It's important to note that policy requirements are the sole responsibility of the issuing insurance carrier. This means that the driver must talk to their insurance company to know more about their insurance policy obligations, financial protection, and whether they offer accident forgiveness or not. Additionally, any decisions regarding the driver's insurance products must be made by the insurer underwriting the policy under the insurer's then-current criteria.
What Happens if the Car Accident Was the Driver's Fault?
Logically, an at-fault accident is going to be on the driver's record (unless the driver's insurance policy offers first accident forgiveness. Still, at-fault accidents tend to impact the driver's rates much more than a not-at-fault accident. As mentioned before, some companies, such as Liberty Mutual and State Farm offer forgiveness for these offenses.
Typically, drivers of motor vehicles may expect their insurance company to raise the rate up to 34%, depending on the accident type and how many claims they've filed recently. However, if the at-fault accident involved severe property damage, personal injuries and pain and suffering, the company may suspend some insurance products or the entire policy.
According to the Insurance Information Institute, a driver's insurance rate may often increase in correlation with their offenses. In these cases, the best thing the driver can do is be a better driver and talk to a legal expert to assess the best financial decisions they can make to secure their financial well-being.
Can the Insurance Company Increase Rates Even if the Accident Wasn't the Driver's Fault?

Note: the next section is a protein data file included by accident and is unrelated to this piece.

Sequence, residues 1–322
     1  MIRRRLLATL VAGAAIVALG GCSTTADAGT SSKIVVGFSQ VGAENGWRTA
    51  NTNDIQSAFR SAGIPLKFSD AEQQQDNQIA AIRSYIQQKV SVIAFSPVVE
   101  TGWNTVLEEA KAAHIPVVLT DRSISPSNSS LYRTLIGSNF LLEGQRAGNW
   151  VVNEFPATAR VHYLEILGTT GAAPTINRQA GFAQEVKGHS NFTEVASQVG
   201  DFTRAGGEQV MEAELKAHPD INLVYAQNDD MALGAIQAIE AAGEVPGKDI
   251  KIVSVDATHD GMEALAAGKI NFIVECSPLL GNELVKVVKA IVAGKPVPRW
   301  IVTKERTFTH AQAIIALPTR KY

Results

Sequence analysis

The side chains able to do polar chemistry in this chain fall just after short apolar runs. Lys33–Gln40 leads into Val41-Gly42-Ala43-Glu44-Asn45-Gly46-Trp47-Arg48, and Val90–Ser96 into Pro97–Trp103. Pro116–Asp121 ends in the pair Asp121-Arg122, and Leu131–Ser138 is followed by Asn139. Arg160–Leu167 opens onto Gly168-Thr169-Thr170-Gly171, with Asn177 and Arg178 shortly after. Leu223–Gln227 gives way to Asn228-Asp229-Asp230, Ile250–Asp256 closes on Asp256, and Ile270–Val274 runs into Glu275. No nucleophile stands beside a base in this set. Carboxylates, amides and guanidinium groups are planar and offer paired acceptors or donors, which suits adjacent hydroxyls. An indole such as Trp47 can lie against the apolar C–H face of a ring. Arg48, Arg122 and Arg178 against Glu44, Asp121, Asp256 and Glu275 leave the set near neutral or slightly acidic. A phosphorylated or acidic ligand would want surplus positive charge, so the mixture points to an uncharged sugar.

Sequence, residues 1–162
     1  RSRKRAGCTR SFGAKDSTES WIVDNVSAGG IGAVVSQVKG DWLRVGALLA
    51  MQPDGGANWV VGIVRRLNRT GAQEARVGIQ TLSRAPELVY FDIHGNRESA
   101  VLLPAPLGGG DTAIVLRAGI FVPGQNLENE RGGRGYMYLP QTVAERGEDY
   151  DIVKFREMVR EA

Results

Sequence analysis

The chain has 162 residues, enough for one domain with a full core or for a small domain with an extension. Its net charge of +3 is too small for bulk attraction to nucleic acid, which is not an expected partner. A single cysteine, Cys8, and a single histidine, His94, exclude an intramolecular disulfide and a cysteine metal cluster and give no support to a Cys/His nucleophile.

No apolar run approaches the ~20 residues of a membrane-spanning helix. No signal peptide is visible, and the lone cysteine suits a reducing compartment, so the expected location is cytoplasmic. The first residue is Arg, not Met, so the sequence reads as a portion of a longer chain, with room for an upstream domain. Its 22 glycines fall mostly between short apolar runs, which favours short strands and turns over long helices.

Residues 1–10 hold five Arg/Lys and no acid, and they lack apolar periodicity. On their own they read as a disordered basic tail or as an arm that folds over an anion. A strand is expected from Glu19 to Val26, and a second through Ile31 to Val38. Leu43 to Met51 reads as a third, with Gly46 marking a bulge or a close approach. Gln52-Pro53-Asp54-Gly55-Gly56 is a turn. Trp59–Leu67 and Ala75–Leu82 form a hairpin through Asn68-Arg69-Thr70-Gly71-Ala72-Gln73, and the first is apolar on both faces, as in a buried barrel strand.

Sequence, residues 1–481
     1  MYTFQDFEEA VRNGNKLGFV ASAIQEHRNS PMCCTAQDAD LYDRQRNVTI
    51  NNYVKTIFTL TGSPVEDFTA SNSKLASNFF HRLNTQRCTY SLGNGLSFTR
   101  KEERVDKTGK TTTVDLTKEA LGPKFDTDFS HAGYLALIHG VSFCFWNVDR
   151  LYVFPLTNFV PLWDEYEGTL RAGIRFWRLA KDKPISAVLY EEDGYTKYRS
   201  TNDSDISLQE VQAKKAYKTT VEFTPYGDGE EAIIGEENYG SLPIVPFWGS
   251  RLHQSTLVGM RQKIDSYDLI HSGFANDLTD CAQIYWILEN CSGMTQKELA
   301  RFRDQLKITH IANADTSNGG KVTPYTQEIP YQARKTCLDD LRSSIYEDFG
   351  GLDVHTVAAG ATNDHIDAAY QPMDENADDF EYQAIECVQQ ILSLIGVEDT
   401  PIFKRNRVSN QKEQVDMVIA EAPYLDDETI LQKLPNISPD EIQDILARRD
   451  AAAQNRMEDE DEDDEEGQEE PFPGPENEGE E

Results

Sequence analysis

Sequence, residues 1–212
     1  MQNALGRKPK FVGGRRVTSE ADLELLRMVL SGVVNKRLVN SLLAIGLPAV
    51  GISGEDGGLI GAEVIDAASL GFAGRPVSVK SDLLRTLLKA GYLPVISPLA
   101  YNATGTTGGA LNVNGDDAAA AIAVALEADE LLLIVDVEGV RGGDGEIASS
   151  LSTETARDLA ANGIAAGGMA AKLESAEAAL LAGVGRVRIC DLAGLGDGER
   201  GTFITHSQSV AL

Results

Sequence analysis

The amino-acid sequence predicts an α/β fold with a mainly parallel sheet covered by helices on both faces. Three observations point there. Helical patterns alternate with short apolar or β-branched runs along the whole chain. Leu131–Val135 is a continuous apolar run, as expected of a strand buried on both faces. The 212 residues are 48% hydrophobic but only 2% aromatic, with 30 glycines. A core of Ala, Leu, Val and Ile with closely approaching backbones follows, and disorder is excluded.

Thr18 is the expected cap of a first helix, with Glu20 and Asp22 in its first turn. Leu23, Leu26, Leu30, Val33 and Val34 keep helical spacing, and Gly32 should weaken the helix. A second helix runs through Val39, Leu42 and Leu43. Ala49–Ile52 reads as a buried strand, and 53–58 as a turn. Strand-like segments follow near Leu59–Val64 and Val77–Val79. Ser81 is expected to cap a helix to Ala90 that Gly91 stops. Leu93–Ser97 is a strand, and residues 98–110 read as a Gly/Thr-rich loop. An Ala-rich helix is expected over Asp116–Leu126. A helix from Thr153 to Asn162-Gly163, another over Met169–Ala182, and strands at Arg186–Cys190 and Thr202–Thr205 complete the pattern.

As unfortunate as it may sound, an accident may still appear on the driver's record even if it wasn't their fault. However, it may be possible for the victim to prevent these accidents to go into their record if they get a police report that states who the at-fault party was.
Still, some auto insurance companies may adjust their insurance policy for higher rates regardless of who was at fault. In most states, auto insurance businesses are allowed to increase their rates as much as they want. There are some exceptions, such as in California, where auto insurance businesses may not increase premiums for not-at-fault drivers.
Finally, insurance companies raise premiums for those who have a lot of at-fault accidents on their record and then have a not-at-fault accident, even if they provide a police report that proves they were only a victim.
Reducing Auto Insurance Rates After an Accident
One of the best ways to receive compensation after an accident is to ensure the auto insurance rates are not that high. Even if the company increases the driver's premium after an accident, there are some ways drivers can try to reduce their rates. Still, it would be best to talk to a legal professional to assess the drive's options thoroughly.
Some of the most common ways to reduce insurance rates include the following:
Purchasing insurance policies as a bundle
Comparing different insurance rates and going for the best insurer